Provided in the present invention is a method of providing a treatment decision for a cancer patient receiving an endocrine therapy comprising obtaining a sample from the patient; and comprising the steps of obtaining a sample from the patient; and determining an AIB1 polypeptide level in the sample, wherein an elevated AIB1 polypeptide level as compared to a control sample indicates that that cancer is endocrine therapy resistant.
 An embodiment of the invention is a method of screening for a compound that improves the effectiveness of an endocrine therapy in a patient comprising the steps of: introducing to a cell a test agent, wherein the cell comprises a polynucleotide encoding a AIB1 polypeptide under control of a promoter operable in the cell; and measuring the AIB1 polypeptide level, wherein when the level is decreased following the introduction, the test agent is the compound that improves effectiveness of the endocrine therapy in the patient. It is also contemplated that such an agent will prevent the development of endocrine therapy resistance in a patient receiving such a therapy. In a specific embodiment, the patient is endocrine therapy-resistant. In a further specific embodiment, the endocrine therapy comprises an adjuvant. It is also contemplated that the compound is a ribozyme, an antisense nucleotide, a receptor blocknig antibody, a small molecule inhibitor, or a promoter inhibitor.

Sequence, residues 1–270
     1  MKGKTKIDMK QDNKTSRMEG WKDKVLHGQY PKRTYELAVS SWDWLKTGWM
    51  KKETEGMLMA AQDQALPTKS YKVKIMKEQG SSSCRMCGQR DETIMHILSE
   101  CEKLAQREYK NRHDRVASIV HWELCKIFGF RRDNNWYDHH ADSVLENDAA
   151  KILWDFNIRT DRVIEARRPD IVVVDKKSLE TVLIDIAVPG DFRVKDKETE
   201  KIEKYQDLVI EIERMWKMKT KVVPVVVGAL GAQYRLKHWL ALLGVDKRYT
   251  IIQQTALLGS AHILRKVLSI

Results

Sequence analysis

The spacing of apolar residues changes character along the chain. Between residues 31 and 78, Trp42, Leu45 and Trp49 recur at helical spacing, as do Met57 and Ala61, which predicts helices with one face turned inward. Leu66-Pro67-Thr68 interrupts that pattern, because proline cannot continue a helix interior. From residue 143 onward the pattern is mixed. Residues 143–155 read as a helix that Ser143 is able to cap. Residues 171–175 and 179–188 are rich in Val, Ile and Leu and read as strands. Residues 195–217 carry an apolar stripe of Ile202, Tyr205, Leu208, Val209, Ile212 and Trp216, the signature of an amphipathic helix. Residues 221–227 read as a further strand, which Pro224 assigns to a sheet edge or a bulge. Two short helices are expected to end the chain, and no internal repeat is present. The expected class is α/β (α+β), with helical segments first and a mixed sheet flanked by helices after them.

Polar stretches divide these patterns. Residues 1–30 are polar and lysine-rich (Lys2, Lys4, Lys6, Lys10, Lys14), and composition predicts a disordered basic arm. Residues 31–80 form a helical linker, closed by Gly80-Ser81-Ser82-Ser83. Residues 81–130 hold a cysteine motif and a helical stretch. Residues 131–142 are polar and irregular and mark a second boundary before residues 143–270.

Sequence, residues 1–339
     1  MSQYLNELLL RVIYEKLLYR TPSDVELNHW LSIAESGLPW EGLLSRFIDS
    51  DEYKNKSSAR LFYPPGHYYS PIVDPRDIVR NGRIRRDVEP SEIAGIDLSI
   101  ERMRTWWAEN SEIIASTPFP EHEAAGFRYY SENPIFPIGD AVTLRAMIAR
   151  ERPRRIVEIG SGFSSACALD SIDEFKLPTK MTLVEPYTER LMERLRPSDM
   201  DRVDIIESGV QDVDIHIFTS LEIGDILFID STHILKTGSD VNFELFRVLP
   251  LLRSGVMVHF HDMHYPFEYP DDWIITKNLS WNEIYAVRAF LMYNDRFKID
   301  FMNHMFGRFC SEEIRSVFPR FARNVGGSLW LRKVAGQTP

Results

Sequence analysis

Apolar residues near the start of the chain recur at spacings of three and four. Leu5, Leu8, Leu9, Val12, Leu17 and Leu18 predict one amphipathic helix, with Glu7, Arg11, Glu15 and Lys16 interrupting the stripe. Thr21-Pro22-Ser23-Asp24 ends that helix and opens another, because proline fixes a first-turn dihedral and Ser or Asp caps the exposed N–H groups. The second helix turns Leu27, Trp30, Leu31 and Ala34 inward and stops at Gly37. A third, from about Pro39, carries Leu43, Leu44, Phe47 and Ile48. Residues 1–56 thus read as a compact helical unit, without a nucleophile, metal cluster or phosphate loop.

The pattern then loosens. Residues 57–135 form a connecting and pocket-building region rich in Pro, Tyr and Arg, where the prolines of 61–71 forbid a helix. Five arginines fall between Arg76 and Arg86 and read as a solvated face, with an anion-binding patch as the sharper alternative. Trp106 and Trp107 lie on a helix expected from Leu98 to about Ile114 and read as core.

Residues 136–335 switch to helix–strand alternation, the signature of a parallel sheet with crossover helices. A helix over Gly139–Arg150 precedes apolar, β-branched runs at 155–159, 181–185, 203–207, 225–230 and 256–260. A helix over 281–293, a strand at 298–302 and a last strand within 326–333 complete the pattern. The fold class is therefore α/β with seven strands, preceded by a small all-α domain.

An embodiment of the invention is a method of screening for a compound that improves the effectiveness of an endocrine therapy in a patient comprising the steps of: contacting a test agent with an AIB1 polypeptide or an estrogen receptor (ER) polypeptide, wherein the AIB1 polypeptide or the ER polypeptide is linked to a marker; and determining the ability of the test agent to interfere with the binding of the AIB1 polypeptide and the ER polypeptide, wherein when the marker level is decreased following the contacting, the test agent is the compound that improves effectiveness of the endocrine therapy in the patient. In certain embodiments of the invention, the patient is endocrine therapy-resistant.